We have all learned that bubbles in the market make us feel good while they grow, but then become the cause of our economic woes. I discovered another kind of bubbles that seems to have only a positive effect–homemade ginger ale. Champagne can do the same if drunk in moderation (Champagne–the drink divine; A dollar’s worth of bubbles and a dime’s worth of wine). I suspect that ginger ale’s contribution to sustainability is vanishing small, but it sounds like a step in the right direction. The Dining and Wine feature of the New York Times reports this:
> At Stand, a New York bar and cafe that offers a variety of traditional beverages, ginger ale is prepared to order using seltzer from old-style bottles. . . Homemade sodas seem in step with the growing menu trend toward simpler, more natural foods, as well as a rising interest in locally made artisanal products, said Annika Stensson, a spokeswoman for the National Restaurant Association. . . “Nothing’s more local than things being made from scratch,” Ms. Stensson said.
I don’t know why Stand and the others don’t make their own fizzy water. When I visited my daughter a few months ago, I discovered a seltzer maker in the kitchen. Just place the special reusable bottle filled with water straight from the tap in the device and push the charging button. This releases carbon dioxide into the water turning it instantly to seltzer. This device is a variant of the seltzer bottle my parents used for the same purpose. It was a heavy glass container swathed in metal mesh with a valve top where a “[sparklet](http://www.orau.org/ptp/collection/quackcures/sparadiumsyphon.htm)” filled with carbon dioxide was attached. A push of a lever and voila instant seltzer.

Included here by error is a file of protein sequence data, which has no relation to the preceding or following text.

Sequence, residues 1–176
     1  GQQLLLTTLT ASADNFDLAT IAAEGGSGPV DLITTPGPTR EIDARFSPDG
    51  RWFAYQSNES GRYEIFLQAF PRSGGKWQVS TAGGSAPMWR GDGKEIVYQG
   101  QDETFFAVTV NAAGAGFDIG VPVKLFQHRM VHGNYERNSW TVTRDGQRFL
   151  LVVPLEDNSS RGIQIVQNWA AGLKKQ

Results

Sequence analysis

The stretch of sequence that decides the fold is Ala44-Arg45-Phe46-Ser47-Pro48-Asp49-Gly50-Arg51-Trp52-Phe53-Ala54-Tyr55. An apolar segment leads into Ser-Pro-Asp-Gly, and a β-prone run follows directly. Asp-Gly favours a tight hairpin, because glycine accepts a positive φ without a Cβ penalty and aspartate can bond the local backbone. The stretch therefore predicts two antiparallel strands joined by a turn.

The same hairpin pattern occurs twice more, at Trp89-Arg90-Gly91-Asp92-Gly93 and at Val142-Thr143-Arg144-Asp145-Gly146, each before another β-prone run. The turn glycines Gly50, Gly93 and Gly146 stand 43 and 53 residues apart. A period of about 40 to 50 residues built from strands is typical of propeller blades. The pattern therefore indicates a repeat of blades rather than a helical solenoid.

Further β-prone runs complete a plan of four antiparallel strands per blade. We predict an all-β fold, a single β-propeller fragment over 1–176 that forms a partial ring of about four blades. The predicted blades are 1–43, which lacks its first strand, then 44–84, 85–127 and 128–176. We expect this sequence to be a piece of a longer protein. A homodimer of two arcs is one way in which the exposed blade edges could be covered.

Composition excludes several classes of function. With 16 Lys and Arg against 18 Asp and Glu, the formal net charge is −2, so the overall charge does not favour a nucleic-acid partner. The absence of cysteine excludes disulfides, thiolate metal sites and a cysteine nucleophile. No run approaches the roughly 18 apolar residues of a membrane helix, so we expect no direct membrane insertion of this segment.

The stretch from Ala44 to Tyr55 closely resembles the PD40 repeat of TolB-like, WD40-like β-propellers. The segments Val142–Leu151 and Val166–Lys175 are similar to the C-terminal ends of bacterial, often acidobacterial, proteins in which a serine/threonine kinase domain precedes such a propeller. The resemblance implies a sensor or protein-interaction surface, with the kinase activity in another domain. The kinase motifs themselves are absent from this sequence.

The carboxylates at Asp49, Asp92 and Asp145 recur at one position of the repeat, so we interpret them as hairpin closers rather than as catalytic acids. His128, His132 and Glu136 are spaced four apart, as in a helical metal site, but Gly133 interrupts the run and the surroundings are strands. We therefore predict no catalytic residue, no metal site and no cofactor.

The NYTimes article described other places and drinks based on home-made ginger ale.
> Typically less sweet than store-bought sodas, the handmade ales get an added zing from fresh ginger. At Stand, it is peeled and put through a strainer to make juice, said P. J. Bodoy, the general manager. The juice is steeped with lemon juice and simple syrup. When a customer orders a ginger ale, this base is topped off with seltzer delivered by Walter Backerman, a third-generation seltzer seller.
> A glass of plain ginger ale costs $6. The soda also serves as an ingredient in mixed drinks, at $9 each, like the Mr. Sunshine, made with rye, and the Dark and Stormy, made with dark rum. . . [Atlanta’s ]Drinkshop also offers the London Buck, which has gin, ale, lemon and, in a nod to Atlanta’s local fruit, peach juice. The cocktails run $13 each.
At these prices, homemade ginger ale and the cocktails that use it may make a miniscule contribution to ecological sustainability, but aren’t going to help those families that are hard pressed economically, but still in need of a drink.

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